We have begun a series of experiments to study the defect structure produced by ion irradiation in A15 superconductors. Low temperature irradiations and microscopy are performed in the high voltage electron microscope (HVEM) accelerator facility at Argonne National Laboratory, Argonne, IL. The first transmission electron microscope (TEM) images of the martensitic structure in niobium three tin (Nb3Sn) were recorded at various temperatures between 12 and 30 K. The transition to the superconducting state was observed by a slight deflection of the electron beam due to a perturbation of the magnetic field of the objective lens at the sample. The primary interest is in irradiation effects due to fast neutrons from a fusion reactor, and therefore, ion irradiation conditions that are somewhat comparable to this were selected. These consisted of 50 keV Xe+ irradiations to simulate neutron produced cascades in a near surface region (<20nm) and 1.5 MeV Kr+ to produce cascade damage through a greater sample thickness (0.5μm). Defect images were obtained as a function of ion dose at 13 K using both fundamental and superlattice dark field reflections in two-beam conditions.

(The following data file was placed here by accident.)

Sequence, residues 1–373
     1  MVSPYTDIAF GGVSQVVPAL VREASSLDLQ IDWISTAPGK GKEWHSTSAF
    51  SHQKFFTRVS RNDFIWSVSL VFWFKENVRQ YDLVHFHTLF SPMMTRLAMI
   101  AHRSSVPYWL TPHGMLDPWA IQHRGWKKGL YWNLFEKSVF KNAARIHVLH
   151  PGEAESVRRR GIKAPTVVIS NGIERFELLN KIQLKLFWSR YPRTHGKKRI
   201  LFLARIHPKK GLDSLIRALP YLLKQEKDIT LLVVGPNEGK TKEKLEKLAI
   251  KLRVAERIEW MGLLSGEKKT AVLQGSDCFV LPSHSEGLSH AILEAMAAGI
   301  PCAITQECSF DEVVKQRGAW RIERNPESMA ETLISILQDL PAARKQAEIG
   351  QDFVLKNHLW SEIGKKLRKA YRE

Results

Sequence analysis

For 50 keV Xe+ irradiations at 13 K, the defect yields, which are black-white contrast features in fundamental reflections or black dot contrast features in superlattice reflections, were quite low at low ion doses (2 × 1011 cm-2), where individual defect cascades are well separated. At higher ion doses (3 × 1012 cm-2), when significant cascade overlap is present, defect density and contrast became greater than expected. Annealing to room temperature produced a large increase in visible defect density. Irradiation by 1.5 MeV Kr+ at 15 K removed the martensitic structure by an ion dose of 5 × 1012 cm-2, Further irradiation to 3.5 × 1013 cm-2 produced evidence for the initial stage of amorphization.